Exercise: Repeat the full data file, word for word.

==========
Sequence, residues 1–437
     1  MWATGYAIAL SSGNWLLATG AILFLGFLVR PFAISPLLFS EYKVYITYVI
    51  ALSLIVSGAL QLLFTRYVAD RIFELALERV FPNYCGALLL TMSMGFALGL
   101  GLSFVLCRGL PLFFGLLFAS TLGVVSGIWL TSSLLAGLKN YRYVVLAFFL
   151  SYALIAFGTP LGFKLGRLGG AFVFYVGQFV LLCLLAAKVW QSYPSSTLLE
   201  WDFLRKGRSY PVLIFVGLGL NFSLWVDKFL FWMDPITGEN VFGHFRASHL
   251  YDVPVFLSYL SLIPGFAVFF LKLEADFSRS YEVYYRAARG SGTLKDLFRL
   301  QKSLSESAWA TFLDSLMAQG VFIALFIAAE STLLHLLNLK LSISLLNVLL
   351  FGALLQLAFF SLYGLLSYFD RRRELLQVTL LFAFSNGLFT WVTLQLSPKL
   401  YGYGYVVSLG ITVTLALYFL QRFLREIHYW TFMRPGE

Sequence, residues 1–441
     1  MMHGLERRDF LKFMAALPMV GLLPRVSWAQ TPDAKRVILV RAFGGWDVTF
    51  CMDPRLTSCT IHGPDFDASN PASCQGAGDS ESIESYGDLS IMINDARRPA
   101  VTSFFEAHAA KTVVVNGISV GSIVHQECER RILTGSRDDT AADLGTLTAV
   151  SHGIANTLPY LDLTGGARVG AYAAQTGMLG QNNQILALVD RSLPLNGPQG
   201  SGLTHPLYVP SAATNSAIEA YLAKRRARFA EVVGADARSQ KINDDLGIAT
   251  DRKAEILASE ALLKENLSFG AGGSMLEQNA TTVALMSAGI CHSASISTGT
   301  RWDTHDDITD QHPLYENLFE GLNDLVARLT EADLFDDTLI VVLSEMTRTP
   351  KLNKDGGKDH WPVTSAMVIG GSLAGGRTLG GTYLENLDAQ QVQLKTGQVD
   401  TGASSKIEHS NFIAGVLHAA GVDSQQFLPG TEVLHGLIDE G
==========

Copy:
Sequence, residues 1–437
     1  MWATGYAIAL SSGNWLLATG AILFLGFLVR PFAISPLLFS EYKVYITYVI
    51  ALSLIVSGAL QLLFTRYVAD RIFELALERV FPNYCGALLL TMSMGFALGL
   101  GLSFVLCRGL PLFFGLLFAS TLGVVSGIWL TSSLLAGLKN YRYVVLAFFL
   151  SYALIAFGTP LGFKLGRLGG AFVFYVGQFV LLCLLAAKVW QSYPSSTLLE
   201  WDFLRKGRSY PVLIFVGLGL NFSLWVDKFL FWMDPITGEN VFGHFRASHL
   251  YDVPVFLSYL SLIPGFAVFF LKLEADFSRS YEVYYRAARG SGTLKDLFRL
   301  QKSLSESAWA TFLDSLMAQG VFIALFIAAE STLLHLLNLK LSISLLNVLL
   351  FGALLQLAFF SLYGLLSYFD RRRELLQVTL LFAFSNGLFT WVTLQLSPKL
   401  YGYGYVVSLG ITVTLALYFL QRFLREIHYW TFMRPGE

Sequence, residues 1–441
     1  MMHGLERRDF LKFMAALPMV GLLPRVSWAQ TPDAKRVILV RAFGGWDVTF
    51  CMDPRLTSCT IHGPDFDASN PASCQGAGDS ESIESYGDLS IMINDARRPA
   101  VTSFFEAHAA KTVVVNGISV GSIVHQECER RILTGSRDDT AADLGTLTAV
   151  SHGIANTLPY LDLTGGARVG AYAAQTGMLG QNNQILALVD RSLPLNGPQG
   201  SGLTHPLYVP SAATNSAIEA YLAKRRARFA EVVGADARSQ KINDDLGIAT
   251  DRKAEILASE ALLKENLSFG AGGSMLEQNA TTVALMSAGI CHSASISTGT
   301  RWDTHDDITD QHPLYENLFE GLNDLVARLT EADLFDDTLI VVLSEMTRTP
   351  KLNKDGGKDH WPVTSAMVIG GSLAGGRTLG GTYLENLDAQ QVQLKTGQVD
   401  TGASSKIEHS NFIAGVLHAA GVDSQQFLPG TEVLHGLIDE G